SS Kaslo Image courtesy of Touchstones Nelson Archives
When the SS Kaslo was launched on September 17, 1900 it was the most well appointed steamer on the lake. Built at the Mirror Lake shipyard for the Kootenay Railway & Navigation Company, (a subsidiary of the Great Northern Railway), it served the express service between Kaslo, Pilot Bay and Kuskonook. At Kuskonook, it connected with the Bedlington and Nelson Railway, a branch line of the Great Northern Railway, to Bonners Ferry and from there to Spokane, Washington. Once this service was cancelled by the end of 1901, the SS Kaslo was transferred to the Nelson - Kaslo run until 1906.
No expense was spared in the construction of the SS Kaslo. The deep wooden hull, a lake boat design, and enclosed paddlebox added to the elegant lines of this fast and comfortable boat. The frame of the hull was constructed in Portland, Oregon and the boiler and engine came from Toronto, Ontario. The up to 500 licensed passenger were treated well, with the saloon deck finished in mahogany, hot and cold water taps in each stateroom (the first boat on the lake to have this luxury), a men's smoking room and ladies' cabin. The upper deck housed the crew cabins, located behind the rounded pilothouse.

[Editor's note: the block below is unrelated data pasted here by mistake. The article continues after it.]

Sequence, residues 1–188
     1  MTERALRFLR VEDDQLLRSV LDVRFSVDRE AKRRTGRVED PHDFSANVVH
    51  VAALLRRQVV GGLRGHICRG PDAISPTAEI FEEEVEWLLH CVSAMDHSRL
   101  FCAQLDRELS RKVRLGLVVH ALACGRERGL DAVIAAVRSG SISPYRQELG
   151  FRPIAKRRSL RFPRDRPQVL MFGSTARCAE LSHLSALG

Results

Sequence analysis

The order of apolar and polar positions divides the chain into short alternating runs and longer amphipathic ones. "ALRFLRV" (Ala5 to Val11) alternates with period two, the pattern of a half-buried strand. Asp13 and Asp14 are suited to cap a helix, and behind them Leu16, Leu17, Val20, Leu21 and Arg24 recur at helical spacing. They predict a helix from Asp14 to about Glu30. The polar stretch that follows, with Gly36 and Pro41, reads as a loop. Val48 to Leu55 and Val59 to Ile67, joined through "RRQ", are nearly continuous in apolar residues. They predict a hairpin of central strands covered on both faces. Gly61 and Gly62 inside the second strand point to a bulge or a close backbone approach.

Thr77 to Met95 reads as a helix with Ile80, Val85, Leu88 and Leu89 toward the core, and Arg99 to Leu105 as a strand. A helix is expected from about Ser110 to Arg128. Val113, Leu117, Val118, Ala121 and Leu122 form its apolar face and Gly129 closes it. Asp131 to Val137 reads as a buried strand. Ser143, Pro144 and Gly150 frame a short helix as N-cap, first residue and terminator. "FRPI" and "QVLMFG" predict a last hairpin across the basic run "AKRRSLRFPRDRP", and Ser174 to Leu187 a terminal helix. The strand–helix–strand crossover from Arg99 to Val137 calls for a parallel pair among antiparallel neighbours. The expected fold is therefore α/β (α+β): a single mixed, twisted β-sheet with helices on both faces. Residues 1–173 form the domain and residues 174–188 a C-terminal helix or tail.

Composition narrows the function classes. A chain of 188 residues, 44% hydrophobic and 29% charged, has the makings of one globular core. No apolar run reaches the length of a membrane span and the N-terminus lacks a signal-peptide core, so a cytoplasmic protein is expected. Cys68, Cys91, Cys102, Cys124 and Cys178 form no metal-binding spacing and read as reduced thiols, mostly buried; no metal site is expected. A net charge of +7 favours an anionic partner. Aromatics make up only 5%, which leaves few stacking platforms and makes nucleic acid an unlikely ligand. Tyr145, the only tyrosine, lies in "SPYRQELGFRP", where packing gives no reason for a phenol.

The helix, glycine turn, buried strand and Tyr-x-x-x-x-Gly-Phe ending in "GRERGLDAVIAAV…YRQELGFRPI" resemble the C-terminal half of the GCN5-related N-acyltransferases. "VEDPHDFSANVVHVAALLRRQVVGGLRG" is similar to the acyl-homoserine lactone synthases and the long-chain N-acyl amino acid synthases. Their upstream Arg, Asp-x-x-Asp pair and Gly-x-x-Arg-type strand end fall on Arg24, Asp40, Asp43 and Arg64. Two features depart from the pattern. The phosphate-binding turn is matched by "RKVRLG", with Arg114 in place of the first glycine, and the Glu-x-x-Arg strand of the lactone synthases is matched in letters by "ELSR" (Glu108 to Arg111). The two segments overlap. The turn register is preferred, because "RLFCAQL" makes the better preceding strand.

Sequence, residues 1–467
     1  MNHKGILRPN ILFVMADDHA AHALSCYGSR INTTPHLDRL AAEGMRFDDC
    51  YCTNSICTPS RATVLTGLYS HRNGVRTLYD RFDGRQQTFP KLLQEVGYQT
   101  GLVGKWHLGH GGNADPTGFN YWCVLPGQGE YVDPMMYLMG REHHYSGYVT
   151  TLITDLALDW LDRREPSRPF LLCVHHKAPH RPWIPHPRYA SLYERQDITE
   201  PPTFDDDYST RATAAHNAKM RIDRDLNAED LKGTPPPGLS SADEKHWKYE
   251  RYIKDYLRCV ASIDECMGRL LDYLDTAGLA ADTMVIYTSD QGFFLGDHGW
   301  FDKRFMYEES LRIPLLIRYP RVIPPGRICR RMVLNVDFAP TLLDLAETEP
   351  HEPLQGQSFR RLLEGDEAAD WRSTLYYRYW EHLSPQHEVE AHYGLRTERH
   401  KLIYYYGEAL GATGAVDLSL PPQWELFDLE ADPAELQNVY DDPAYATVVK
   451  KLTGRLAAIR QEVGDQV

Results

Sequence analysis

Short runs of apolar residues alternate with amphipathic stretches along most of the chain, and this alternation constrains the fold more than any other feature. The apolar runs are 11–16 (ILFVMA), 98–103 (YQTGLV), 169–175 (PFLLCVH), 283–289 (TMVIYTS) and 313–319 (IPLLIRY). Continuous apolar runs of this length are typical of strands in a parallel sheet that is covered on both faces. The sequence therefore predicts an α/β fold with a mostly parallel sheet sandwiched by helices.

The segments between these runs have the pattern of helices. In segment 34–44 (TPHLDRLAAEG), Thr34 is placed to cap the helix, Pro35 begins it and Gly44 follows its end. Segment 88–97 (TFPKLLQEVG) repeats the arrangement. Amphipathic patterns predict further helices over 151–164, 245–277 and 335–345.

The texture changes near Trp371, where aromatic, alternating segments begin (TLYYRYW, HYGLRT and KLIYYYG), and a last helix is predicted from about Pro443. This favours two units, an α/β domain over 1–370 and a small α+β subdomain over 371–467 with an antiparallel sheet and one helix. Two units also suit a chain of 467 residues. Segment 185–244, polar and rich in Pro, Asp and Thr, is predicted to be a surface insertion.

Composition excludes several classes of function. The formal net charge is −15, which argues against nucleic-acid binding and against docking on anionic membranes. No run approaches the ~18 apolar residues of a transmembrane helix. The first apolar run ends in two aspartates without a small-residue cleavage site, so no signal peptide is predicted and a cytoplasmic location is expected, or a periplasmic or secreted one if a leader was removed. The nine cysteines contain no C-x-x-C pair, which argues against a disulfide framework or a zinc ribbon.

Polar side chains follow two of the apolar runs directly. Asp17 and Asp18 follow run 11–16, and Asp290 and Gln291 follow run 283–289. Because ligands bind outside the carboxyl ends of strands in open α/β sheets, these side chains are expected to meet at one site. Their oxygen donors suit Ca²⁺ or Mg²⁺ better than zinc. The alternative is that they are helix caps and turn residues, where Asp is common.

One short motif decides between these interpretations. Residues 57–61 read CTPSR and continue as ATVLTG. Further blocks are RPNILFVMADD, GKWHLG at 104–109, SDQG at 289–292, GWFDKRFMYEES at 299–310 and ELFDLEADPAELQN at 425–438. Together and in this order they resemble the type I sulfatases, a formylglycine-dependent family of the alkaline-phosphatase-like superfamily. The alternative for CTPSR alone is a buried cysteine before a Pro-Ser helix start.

In March 1904, the SS Kaslo was converted to burn coal rather than wood, and was refitted in the Fall of 1905. Until the launch of the SS Kuskanook in 1906, the SS Kaslo held the title of ‘Flyer' (fastest boat on the Lake), evidenced by a set of antlers proudly displayed attached to the pilothouse.
On May 27, 1910, the SS Kaslo hit a submerged piling at Ainsworth as it approached the landing. The Captain prevented a total loss by driving the SS Kaslo up onto the beach and the boat was soon towed to Mirror Lake for repairs. By 1916, the SS Kaslo was broken up with parts salvaged. The remainder of the ship burned.